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Fighting Dengue in Honduras

Medically reviewed by Susan Kerrigan, MD and Marianne Madsen on February 2, 2023

Recent events have put the world’s spotlight on disease outbreak and control; since the COVID-19 pandemic started, scarcely a news broadcast has gone by without some mention of the topic. Although the COVID-19 outbreak is far and away the one most troubling to the world right now, it is not alone–other diseases are also on the rise, and the tolls they are taking on various nations are on an alarming uptick. 


What Is Dengue?


Of particular note to public health experts is the Honduras dengue outbreak, the worst in recent memory. Dengue fever is transmitted by mosquitoes and can bring muscle fatigue, bleeding from orifices, and fluid imbalance, all of which can worsen to the point of fatality if left untreated. Honduras and the surrounding tropical region have a high risk of dengue any year–Honduras alone reports between five and ten thousand cases annually–but 2019 saw that number spike to over 44,000 patients, with the vast majority requiring more than simple stay-at-home treatment. 


This influx of cases has seriously strained the Honduras medical system, flooding existing care centers and spilling into the newly established facilities faster than they could be staffed. The government of Honduras has declared the outbreak a national disaster, tapping emergency funds and protocols in an attempt to keep up with the overflow. Countermeasures have been taken on several levels, including social awareness campaigns to make people understand how to protect themselves, appeals for volunteers and donations, and boosting recruitment for more medical personnel. 


Is There A Vaccine?


If all that sounded bad, there’s worse; vaccination–one of the world’s most widespread methods of disease control–is not an option in this case. The dengue vaccine has not yet been developed to the point of complete reliability. It has been proven effective on an estimated 80% of cases but can seriously worsen infection in first-time hosts or those with lytic dengue currently in their system.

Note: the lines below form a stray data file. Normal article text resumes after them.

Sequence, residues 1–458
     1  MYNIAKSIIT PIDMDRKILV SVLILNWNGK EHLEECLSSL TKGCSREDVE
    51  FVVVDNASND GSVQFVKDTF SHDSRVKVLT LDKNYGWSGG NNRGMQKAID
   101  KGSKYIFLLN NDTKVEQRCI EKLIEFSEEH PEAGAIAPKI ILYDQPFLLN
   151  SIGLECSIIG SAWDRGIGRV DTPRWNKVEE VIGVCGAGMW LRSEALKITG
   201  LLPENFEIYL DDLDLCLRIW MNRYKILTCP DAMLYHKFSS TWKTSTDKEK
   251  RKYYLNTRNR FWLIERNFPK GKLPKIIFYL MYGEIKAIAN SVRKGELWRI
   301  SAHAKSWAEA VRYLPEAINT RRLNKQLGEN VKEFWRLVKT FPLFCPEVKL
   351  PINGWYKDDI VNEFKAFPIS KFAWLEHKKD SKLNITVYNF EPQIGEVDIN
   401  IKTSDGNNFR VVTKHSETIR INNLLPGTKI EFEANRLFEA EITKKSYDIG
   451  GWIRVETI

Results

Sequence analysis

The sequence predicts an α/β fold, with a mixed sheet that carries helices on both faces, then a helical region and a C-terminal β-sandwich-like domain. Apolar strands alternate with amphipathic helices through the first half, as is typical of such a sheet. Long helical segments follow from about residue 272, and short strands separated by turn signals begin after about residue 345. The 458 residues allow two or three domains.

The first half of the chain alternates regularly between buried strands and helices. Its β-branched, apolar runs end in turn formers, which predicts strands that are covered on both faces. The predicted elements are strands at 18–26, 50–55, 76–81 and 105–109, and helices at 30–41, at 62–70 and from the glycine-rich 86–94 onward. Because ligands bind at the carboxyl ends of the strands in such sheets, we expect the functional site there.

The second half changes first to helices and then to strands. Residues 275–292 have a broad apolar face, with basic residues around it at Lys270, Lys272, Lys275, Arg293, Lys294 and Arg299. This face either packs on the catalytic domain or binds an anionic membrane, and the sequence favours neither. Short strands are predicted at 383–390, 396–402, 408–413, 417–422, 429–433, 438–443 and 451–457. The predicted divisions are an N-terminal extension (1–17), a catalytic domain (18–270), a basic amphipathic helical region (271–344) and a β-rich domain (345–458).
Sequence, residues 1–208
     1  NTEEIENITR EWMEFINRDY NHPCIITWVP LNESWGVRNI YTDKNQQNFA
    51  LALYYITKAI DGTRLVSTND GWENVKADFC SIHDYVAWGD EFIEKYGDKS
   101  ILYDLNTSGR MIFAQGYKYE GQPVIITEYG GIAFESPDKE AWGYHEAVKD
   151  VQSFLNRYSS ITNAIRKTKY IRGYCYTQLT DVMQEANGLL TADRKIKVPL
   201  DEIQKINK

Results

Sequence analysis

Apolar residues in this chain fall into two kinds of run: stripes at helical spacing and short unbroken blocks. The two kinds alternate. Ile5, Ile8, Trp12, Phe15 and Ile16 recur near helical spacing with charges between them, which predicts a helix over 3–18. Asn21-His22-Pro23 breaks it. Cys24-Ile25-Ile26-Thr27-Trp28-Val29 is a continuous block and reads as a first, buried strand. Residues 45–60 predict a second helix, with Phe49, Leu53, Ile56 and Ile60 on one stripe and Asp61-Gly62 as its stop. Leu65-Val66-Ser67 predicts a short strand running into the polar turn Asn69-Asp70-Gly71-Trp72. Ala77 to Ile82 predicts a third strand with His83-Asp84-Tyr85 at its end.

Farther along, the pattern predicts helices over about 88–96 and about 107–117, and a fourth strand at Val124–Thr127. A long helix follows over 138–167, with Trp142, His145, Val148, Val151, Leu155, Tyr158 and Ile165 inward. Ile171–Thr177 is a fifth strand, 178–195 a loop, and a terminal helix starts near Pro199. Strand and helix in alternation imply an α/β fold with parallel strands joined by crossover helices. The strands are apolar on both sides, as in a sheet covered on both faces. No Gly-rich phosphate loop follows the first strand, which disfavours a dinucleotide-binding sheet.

The vaccine cannot be used for technical reasons as well. Production of the vaccine in Honduras or nearby countries has never reached the level that would be needed to combat this outbreak. Additionally, the vaccine costs too much to be made available to the general public; an estimated $200 is needed to supply each patient, a sum that would swamp Honduras’s reserves if fully applied. 


What Can Be Done?


Despite other public health concerns facing the world, there have been efforts to bring the dengue outbreak under control. Various charities the world over have moved more than $200,000 to Honduras to aid in implementing treatments and prevention. An international mission on behalf of the World Health Organization has sent considerable supplies and personnel, and a conglomerate of the nearby countries have unanimously agreed to take steps against the mosquitoes that form dengue’s main vector for transmitting the disease. 


One of the primary steps being led by a council of Honduras’s mayors has been to physically attack standing water near populated areas. Because standing water is ideal for mosquitoes to breed, draining the swamps and puddles is likely to reduce the spread of the disease. Mass fumigation is also being considered for the same reason. 


Honduras is only rarely on the world’s news cycle. With luck, it will not make a name for itself for the population lost to mosquitoes.


Written by Shlomo Witty

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